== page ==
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  1. #1
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    Post What is Cytochrome P450 & How It Can Cause Drug Interactions

    Cytochrome p450 Drug Metabolism and Interactions

    Oxidative metabolism by cytochrome p450 enzymes is a primary method of drug metabolism. The purpose of drug metabolism is to make drugs more water soluble so they can be more easily excreted from the body. The recent news that Posicor (mibefradil), a newer calcium channel blocker, has been removed from the market due to its high propensity to iteract with other drugs places a spotlight on hepatic drug metabolism.

    Drug interactions involving the cytochrome p450 system are common, and generally result from either enzyme inhibition or induction.

    • Enzyme inhibition generally involves competition with another drug for enzyme binding sites, and usually begins with the first dose of the inhibitor. Duration of inhibition corresponds to the half-lives of the respective drugs.
    • Enzyme induction occurs when one drug stimulates production of more enzymatic metabolism capacity. The effects of enzyme induction are sometimes more difficult to predict because these are dependent on drug half-lives, the rate of enzyme production, and individual genetic variations.


    Genetic differences are the reason one patient might be susceptible to interactions when another may not. Cytochrome p450 enzymes are often designated by the letters CYP followed by a set of letters and numbers that distinguish enzyme isoforms.

    Understanding CYP enzyme interactions might allow prescribers the ability to better anticipate and manage each patient's response to a drug regimen.

    University of Colorado Health Sciences Center provides a very good description of Cytochrome pharmacokinetics HERE Note that the Drug Interaction Table referred to on that page is not available.

    Attached to this posting are two pdf files containing an abbreviated drug interaction table associated with Cytochrome p450 metabolism.

    The abbreviated list shows commonly used drugs affected by CYP interactions. It should be noted that this list is not complete, and that metabolism of some drugs is complex, and may involve more than one enzyme system.

    Drug interactions also occur via mechanisms unrelated to CYP enzymatic activity.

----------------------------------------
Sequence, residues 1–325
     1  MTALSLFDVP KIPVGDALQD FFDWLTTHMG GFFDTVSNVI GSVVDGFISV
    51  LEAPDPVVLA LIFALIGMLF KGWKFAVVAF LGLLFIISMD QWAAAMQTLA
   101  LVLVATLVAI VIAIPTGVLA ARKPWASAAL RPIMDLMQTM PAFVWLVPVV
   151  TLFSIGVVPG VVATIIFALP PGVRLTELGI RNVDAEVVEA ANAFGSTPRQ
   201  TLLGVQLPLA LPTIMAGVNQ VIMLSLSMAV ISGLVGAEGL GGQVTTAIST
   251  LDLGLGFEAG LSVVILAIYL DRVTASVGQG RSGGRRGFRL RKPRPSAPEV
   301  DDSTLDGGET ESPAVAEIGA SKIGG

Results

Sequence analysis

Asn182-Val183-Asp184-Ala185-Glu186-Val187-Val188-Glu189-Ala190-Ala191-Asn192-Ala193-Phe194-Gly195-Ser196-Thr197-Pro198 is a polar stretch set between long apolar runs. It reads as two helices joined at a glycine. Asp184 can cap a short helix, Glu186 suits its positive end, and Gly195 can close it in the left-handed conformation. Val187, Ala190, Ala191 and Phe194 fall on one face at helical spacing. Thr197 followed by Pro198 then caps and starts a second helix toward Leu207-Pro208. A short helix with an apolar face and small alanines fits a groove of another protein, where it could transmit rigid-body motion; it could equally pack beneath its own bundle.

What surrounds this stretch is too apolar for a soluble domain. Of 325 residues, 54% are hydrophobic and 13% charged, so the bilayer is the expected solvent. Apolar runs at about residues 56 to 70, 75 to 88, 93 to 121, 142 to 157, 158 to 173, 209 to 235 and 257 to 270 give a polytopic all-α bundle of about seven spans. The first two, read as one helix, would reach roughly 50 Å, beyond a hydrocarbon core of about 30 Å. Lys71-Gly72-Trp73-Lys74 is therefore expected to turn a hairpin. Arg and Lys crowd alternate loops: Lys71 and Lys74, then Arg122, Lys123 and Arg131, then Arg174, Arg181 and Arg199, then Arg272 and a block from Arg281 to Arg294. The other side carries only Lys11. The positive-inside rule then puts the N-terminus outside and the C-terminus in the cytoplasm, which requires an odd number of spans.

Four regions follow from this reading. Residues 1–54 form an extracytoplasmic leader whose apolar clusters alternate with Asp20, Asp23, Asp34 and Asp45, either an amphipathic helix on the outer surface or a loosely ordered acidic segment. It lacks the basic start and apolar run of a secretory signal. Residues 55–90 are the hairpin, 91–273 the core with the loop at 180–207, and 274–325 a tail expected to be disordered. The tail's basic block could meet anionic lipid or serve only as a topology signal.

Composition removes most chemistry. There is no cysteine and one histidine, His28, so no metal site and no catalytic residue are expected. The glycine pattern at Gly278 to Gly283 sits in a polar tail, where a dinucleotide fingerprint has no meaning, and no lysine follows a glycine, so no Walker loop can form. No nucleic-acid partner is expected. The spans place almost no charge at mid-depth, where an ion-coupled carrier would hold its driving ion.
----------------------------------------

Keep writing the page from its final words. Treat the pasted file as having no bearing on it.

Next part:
Additional information on this topic is in This Psychlinks Posting
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  2. #2
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    Cytochrome P450 2D6 Genotype Variation and Venlafaxine Dosage

    It seems that Cytochrome P450 may be also imnplicated in response or non-response to SSRIs:

    Cytochrome P450 2D6 Genotype Variation and Venlafaxine Dosage
    DONALD E. MCALPINE, MD; DENNIS J. O?KANE, PhD; JOHN L. BLACK, MD; DAVID A. MRAZEK, MD

    OBJECTIVE: To determine whether the presence or absence of a fully functioning cytochrome P450 2D6 allele was associated with the dosage of the antidepressant drug venlafaxine in patients who had either adverse effects or absence of a therapeutic response to treatment with the immediate release or extended release form of venlafaxine.

    PATIENTS AND METHODS: We reviewed the electronic medical records of 199 patients enrolled in a previous pharmacogenomic study (June 1, 2002 through April 30, 2004) who had either adverse effects or the absence of a therapeutic response to treatment with psychotropic medications. This review identified 38 patients previously treated with venlafaxine immediate release or extended release and subsequently genotyped for the 2D6 gene with a commercial genotyping assay. Their dosage was examined along with their 2D6 genotype to determine whether the presence or absence of a fully functioning 2D6 allele was associated with their venlafaxine dosage.

    RESULTS: Of the 38 patients, 5 had a 2D6 genotype that consisted of 1 inactive allele and 1 allele associated with decreased activity. None of these 5 patients were able to tolerate treatment with more than 75 mg/d of venlafaxine. The remaining 33 patients had at least 1 fully active 2D6 allele, 26 of whom had been able to tolerate treatment with 150 mg/d or more of venlafaxine (P<.002).

    CONCLUSION: Genetic variations of the P450 2D6 gene may contribute to patient-specific variation in response to treatment with venlafaxine. Physicians should be alert to the possibility that an adverse reaction may indicate a slow metabolizer and consider genotyping such patients.

    Mayo Clin Proc. 2007;82(9):1065-1068 [Full Text]
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  3. #3
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    Post Re: What is Cytochrome P450 & How It Can Cause Drug Interactions

    Genetic variations of the P450 2D6 gene may contribute to patient-specific variation in response to treatment with venlafaxine
    Recent technology has brought an issue to the forefront that was not recognized when venlafaxine (Effexor) was introduced to the market in 1997. At that time, venlafaxine was considered a so-called "clean" drug not implicated in this phase of metabolism.

    Good up to date information!

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